How Feminine are E-Sports?

Anyone still saying “footballers’ wives” when they really mean female football players should urgently work on their perception and vocabulary when it comes to gender equality in sports. Because achieving a fair balance between male and female protagonists and fans is not only an important and pressing issue in ball sports. Even in e-sports and e-gaming, there is still a great need for action regarding gender distribution. However, there are some countries where more efficient and faster work is being done to eliminate barriers to gender equality in sports.

For example, in South Korea and China, the situation regarding gender equality in e-sports is not so bad. In the Middle Kingdom, 46 percent of gamers are female. That’s 16 percent more than female e-sports fans. Here, the ratio in China is 30:70 in favor of a much larger male share.

Only in South Korea e-gaming is slightly more gender-equitable with 32 percent of female e-sports enthusiasts. In any case, both Asian countries are well above the global average of a meager 22 percent. In Germany, 20 percent of e-sports fans are female, slightly less than in France (23 percent) and Canada (25 percent). The e-sports fan scene is even less female in the United States (17 percent) (Source: Nielsen Esports Fan Insights 2018).

As diverse and unfair as the weighting between male and female e-sports fans in the markets surveyed by Nielsen (USA, UK, France, China, Japan, South Korea, and Canada) may be, the reasons why men and women are enthusiastic about gaming also seem to be divergent, at least in some respects. The notion that women are e-sports fans because they have the opportunity to watch cosplay events or participate in them themselves strongly smells of stereotype. In any case, both genders of fans agree that e-sports are primarily for entertainment.

But focusing solely on e-sports broadcasts is neither a women’s nor a men’s thing. Rather, some things run parallel to it, especially social media. Female e-sports fans are active on social networks during e-sports events 46 percent of the time, while only 38 percent of men dedicate themselves to social networks during that time. The balance is quite even when it comes to general surfing during e-sports games. The biggest gap between female and male e-sports fans arises when playing the same game that they are watching. Only 15 percent of women do this, while 27 percent of men do.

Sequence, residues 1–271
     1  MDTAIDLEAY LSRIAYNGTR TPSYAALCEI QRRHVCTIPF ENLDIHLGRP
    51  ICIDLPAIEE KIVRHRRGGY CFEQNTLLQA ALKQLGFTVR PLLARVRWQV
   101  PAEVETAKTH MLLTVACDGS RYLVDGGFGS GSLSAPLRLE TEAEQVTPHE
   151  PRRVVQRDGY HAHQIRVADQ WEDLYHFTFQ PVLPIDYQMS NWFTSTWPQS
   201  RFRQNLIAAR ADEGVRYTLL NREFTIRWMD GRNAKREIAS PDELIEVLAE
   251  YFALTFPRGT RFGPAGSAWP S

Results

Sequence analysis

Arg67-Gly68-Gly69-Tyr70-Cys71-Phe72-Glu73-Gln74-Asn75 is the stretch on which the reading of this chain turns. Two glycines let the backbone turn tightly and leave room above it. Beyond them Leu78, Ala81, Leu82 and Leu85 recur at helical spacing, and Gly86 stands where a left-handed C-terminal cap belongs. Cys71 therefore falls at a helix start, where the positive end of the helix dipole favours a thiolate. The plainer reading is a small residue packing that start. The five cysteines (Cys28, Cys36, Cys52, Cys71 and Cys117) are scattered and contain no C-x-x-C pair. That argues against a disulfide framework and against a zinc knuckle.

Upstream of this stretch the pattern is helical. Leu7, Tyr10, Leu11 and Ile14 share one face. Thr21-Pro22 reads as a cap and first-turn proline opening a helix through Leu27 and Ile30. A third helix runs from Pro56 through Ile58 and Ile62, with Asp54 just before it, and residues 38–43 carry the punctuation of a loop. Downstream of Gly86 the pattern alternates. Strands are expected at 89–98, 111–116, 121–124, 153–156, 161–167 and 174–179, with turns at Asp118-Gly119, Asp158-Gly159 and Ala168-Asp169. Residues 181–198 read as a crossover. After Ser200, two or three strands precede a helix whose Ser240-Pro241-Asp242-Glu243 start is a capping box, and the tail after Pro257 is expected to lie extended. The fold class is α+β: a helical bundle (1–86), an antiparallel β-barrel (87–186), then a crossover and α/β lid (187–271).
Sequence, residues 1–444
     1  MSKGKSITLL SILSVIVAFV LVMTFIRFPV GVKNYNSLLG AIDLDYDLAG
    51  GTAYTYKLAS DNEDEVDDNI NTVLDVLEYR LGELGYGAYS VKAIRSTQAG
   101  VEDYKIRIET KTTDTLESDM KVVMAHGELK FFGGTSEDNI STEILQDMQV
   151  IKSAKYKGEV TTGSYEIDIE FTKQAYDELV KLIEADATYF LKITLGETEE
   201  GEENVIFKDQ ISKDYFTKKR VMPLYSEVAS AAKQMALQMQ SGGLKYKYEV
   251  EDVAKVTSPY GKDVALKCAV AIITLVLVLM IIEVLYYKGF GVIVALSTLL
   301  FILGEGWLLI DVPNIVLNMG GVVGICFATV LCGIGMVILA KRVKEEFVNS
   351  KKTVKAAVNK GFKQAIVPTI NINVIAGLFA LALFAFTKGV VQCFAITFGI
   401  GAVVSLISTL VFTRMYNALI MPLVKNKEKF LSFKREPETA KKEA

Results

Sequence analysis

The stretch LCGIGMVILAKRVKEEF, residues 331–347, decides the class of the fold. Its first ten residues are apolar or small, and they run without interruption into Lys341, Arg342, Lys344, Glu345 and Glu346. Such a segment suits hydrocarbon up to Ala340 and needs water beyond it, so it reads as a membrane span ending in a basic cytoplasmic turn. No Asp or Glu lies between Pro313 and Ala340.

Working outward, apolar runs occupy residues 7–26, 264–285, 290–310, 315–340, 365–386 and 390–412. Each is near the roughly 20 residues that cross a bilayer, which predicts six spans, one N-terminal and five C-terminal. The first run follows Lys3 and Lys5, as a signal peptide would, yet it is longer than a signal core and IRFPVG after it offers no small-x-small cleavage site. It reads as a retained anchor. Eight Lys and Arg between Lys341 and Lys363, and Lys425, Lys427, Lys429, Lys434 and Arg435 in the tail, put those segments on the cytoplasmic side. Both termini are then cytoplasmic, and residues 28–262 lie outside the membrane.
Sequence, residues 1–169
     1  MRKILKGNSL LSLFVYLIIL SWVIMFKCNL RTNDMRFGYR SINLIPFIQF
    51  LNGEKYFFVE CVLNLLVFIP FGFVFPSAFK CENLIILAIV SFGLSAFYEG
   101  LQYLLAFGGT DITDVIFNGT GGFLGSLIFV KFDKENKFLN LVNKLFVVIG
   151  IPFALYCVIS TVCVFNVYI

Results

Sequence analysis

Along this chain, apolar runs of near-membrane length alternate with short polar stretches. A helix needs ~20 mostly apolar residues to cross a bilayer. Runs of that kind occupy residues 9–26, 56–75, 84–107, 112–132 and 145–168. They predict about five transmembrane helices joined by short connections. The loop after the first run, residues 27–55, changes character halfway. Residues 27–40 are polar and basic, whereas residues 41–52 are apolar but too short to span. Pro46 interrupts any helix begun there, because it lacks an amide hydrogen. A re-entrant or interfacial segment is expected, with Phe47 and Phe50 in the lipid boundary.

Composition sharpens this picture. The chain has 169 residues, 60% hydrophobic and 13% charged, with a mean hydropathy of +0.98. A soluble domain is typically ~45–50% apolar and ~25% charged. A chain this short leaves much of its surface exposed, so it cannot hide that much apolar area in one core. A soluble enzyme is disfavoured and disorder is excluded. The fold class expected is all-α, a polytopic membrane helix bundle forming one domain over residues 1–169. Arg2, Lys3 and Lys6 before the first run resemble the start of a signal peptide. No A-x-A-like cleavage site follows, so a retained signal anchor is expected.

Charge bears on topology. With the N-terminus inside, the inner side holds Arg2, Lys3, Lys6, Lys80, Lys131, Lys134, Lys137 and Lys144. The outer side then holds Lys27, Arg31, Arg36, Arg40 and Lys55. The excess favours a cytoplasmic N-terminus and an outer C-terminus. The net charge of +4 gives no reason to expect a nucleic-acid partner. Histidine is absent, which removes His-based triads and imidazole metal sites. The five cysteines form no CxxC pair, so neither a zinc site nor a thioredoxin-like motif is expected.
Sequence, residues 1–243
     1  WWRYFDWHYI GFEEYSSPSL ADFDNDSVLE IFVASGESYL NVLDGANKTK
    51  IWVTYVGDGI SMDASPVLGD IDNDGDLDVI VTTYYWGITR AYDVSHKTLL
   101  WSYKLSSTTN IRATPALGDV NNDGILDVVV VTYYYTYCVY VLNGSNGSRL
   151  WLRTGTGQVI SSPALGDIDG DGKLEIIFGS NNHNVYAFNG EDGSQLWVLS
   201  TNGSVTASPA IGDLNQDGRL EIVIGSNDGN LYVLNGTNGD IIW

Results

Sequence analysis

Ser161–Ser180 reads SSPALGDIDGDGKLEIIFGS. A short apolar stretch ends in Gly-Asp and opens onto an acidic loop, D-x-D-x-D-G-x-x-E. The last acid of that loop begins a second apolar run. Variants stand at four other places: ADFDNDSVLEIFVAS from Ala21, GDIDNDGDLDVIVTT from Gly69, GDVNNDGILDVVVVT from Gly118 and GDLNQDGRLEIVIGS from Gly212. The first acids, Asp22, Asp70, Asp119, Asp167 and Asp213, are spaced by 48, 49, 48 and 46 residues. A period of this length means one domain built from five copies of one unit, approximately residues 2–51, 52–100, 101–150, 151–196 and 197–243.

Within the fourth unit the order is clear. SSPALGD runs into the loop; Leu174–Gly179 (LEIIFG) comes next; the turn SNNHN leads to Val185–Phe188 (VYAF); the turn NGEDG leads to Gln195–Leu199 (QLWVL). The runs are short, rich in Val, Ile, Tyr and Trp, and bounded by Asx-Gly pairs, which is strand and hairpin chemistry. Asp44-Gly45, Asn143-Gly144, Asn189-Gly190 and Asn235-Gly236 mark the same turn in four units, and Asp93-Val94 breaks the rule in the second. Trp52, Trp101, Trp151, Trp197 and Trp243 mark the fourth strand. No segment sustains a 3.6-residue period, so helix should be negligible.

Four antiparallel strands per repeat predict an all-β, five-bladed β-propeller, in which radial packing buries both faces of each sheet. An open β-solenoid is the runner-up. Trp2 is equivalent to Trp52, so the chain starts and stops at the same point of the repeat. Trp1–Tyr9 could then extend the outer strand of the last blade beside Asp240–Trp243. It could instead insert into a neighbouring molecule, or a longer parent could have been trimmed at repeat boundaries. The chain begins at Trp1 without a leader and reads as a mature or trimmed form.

Female Fans = Female Gamers?

E-sports are becoming increasingly recognized and accepted by the masses. The more commonplace gaming becomes, the more normal the female desire to become not only a fan but also a gamer is viewed. After all, the market is huge. The Chinese market alone is expected to reach a value of nearly 15 billion US dollars this year.

However, female gamers are underrepresented and treated unfairly on a global scale. Worldwide, 43 percent of women who stream their gaming and create content are unpaid. In contrast, for men, it’s only 38 percent who receive no payment. The largest gap is found in the United States (47 percent of unpaid female versus 24 percent of unpaid male streaming gamers). Conversely, China shows the opposite gender gap. In the People’s Republic, it’s the male streaming gamers, with 22 versus 14 “female” percent, who create gaming content for free more often.

Even when it comes to gaming devices, women play differently. They primarily prefer smartphones for gaming, followed by PCs at 35 percent and consoles at 23 percent.

Beyond the Alps, it isn’t Fairer

But why look to the vastness of China when it’s also unequal right in our neighborhood? This is shown, at least, by the eSports survey conducted by the T-Mobile Austria subsidiary UPC. According to the data, the overall distribution of gamers is fairly balanced, with 53 percent male and 47 percent female gamers. However, when looking at the ratio of daily gamers, it becomes overwhelmingly male again at 67 versus 33 percent. Furthermore, only 5 percent of professional e-sports players in the Alpine Republic are female.

Natalie Denk, a games researcher at Danube University Krems and a passionate gamer herself, didn’t want to accept this anymore and promptly founded the League of Girls platform. With this format, especially female gamers can connect, exchange ideas, and improve through news, chats, and community interaction. Men are also welcome at League of Girls – not only as mentors for female gamers.